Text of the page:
Senior Research Scientist

ISI Foundation


I am a Senior Research Scientist at ISI Foundation working on topological approaches to complex networks and their underlying geometry, with special attention to the topology of brain structure and dynamics.


  • Topology and Predictability of Complex Systems
  • Computational Neuroscience
  • Cognitive Control


  • PhD in Complex Networks, 2012

    Imperial College London

  • MSc in Theoretical Physics, 2008

    University of Pisa

  • BSc in Physics, 2005

    University of Pisa

News & Highlights


10.3.21 I’m giving a talk at the “Virtual Seminars in Complexity” series this friday. Details here. [Recorded talk is now available here]

7.3.21 Quite a few news recently! Starting Feb 2021 for a year I’ll be a Guest Scholar at IMT Lucca visiting the NETWORKS Unit there!

18.2.21 Our paper on limits of parallel capacity is finally out on Nature Physics! You can find the paper here, and a little blurb explaining it here.

8.2.21 New paper “Simplicial and Topological Descriptions of Human Brain Dynamics” out on Network Neuroscience!


3.6.20 New BIG review on higher-order interactions out!! You can find it here. A nice intro to the paper is instead given on Iacopo Iacopini’s page here).

Recent Publications

Topological limits to the parallel processing capability of network architectures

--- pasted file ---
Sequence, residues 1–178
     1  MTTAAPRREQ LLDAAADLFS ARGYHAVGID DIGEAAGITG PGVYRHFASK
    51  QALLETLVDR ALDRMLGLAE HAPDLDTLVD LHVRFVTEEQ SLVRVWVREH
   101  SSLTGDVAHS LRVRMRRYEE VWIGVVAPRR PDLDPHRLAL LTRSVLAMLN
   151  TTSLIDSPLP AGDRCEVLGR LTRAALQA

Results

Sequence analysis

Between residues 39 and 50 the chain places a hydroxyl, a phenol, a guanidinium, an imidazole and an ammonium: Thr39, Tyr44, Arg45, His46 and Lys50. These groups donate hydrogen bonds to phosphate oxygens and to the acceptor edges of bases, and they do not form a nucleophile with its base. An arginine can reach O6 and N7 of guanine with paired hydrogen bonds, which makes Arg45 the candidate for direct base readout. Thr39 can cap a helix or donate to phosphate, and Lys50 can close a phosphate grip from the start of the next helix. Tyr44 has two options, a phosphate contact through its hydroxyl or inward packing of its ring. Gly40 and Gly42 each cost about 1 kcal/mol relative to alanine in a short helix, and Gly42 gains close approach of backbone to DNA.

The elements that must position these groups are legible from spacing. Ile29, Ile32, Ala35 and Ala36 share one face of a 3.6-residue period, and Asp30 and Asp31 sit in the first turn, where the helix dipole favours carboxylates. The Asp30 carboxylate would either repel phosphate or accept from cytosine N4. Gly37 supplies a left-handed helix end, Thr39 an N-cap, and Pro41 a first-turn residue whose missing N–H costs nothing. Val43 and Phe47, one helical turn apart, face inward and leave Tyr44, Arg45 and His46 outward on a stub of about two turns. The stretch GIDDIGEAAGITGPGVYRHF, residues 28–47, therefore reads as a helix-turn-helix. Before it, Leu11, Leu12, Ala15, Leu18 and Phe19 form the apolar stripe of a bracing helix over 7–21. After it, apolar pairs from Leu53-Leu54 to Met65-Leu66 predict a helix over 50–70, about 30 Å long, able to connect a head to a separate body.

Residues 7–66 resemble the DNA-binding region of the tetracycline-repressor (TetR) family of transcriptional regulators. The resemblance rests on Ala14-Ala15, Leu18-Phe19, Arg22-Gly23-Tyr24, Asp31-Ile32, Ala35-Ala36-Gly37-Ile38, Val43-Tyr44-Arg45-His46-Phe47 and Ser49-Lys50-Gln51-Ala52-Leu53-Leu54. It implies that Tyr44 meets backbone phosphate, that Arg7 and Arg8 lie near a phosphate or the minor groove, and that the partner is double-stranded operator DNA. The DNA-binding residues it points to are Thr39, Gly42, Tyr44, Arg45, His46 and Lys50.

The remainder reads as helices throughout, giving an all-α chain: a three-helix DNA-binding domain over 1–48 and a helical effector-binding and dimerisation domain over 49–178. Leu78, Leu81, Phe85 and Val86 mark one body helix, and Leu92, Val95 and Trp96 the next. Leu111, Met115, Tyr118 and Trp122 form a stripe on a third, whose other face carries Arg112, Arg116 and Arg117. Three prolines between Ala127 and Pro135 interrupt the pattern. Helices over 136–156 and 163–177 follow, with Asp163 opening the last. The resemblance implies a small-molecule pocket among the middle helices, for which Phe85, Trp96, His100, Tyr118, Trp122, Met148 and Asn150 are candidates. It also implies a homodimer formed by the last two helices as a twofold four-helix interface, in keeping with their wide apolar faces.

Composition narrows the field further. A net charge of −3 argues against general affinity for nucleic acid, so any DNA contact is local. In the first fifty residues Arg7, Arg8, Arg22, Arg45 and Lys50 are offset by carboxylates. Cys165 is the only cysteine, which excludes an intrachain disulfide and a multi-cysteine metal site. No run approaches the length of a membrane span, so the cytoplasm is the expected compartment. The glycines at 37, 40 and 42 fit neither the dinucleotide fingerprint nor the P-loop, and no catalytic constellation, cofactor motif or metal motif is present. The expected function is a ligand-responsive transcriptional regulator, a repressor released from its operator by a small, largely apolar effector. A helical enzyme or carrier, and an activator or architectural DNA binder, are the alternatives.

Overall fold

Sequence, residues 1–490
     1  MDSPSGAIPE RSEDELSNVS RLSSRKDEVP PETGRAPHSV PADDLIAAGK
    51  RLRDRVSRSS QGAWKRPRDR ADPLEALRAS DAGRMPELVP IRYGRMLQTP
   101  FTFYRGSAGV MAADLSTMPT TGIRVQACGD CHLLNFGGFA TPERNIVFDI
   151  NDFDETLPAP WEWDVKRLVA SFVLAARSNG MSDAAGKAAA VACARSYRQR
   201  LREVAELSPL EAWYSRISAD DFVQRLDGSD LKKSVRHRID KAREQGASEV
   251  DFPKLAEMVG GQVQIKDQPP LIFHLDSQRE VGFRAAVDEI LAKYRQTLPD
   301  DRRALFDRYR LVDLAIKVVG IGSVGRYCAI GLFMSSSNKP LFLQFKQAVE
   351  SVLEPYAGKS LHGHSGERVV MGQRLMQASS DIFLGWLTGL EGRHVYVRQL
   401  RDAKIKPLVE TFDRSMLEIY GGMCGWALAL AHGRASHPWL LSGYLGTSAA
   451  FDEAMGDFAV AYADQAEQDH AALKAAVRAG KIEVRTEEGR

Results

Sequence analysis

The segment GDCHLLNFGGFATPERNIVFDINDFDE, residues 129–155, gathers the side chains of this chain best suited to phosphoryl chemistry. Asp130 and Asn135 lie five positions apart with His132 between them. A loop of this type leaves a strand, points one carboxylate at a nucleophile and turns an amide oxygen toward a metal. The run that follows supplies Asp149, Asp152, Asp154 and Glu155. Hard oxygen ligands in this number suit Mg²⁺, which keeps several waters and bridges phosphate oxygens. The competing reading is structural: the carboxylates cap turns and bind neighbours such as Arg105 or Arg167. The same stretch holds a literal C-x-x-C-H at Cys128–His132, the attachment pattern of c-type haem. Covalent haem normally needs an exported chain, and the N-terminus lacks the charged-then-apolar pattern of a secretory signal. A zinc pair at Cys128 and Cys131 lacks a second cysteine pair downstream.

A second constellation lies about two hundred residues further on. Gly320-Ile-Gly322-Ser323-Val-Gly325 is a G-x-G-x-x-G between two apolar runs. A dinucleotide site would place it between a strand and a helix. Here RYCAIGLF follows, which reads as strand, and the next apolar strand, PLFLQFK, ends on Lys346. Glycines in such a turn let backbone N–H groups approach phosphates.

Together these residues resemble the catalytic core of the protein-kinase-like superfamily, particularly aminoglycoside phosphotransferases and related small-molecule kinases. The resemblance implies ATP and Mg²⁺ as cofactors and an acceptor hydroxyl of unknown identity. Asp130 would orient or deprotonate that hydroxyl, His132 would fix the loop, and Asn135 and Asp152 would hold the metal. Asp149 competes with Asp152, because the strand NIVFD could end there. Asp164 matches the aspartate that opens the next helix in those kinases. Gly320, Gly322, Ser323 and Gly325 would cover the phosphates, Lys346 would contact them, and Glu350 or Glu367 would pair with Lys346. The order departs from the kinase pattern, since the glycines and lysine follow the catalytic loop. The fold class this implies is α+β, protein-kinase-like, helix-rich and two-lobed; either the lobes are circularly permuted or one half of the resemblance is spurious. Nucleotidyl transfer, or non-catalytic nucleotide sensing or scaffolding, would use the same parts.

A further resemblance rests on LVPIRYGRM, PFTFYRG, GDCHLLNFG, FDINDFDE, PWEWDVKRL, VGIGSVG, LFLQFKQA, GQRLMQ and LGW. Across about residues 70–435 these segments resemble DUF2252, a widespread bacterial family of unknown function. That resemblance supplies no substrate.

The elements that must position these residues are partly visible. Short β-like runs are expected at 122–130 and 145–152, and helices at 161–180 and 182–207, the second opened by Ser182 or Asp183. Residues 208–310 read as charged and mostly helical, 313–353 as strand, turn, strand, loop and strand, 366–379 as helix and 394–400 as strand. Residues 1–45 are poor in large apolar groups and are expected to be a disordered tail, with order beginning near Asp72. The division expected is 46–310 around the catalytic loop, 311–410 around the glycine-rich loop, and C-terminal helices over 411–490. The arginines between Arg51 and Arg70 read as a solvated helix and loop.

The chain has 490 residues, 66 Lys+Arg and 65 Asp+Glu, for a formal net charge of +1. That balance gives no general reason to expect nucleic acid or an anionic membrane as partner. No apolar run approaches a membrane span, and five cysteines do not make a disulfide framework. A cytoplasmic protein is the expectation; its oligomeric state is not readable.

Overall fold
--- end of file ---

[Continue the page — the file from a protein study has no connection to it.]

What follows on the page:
The ability to learn new tasks and generalize performance to others is one of the most remarkable characteristics of the human brain …

Simplicial and Topological Descriptions of Human Brain Dynamics

Time-varying functional connectivity interprets brain function as time-varying patterns of coordinating brain activity. While many questions remain regarding how brain function emerges from multi-regional interactions, advances in the mathematics of Topological Data Analysis (TDA) may provide new insights. One tool from TDA, “persistent homology”, observes the occurrence and persistence of n-dimensional holes in a sequence of simplicial complexes extracted from a weighted graph. In the present study, we compare the use of persistent homology versus more traditional metrics at the task of segmenting brain states that differ across experimental conditions. We find that the structures identified by persistent homology more accurately segment the stimuli, more accurately segment high versus low performance levels under common stimuli, and generalize better across volunteers.

Networks beyond pairwise interactions: structure and dynamics

Until recently, little attention has been devoted to the higher-order architecture of real complex systems. However, a mounting body of evidence is showing that taking the higher-order structure of these systems into account can greatly enhance our modeling capacities and help us to understand and predict their emerging dynamical behaviors. Here, we present a complete overview of the emerging field of networks beyond pairwise interactions.

Homological Scaffold via Minimal Homology Bases

The homological scaffold leverages persistent homology to construct a topologically sound summary of a weighted network. However, its …

Social contagion models on hypergraphs

Here we study the dynamics of social contagion on hypergraphs. We develop an analytical framework and provide numerical results for arbitrary hypergraphs, which we also support with Monte Carlo simulations. We show that the model has a vast parameter space, with first- and second-order transitions, bistability, and hysteresis.


ISI Team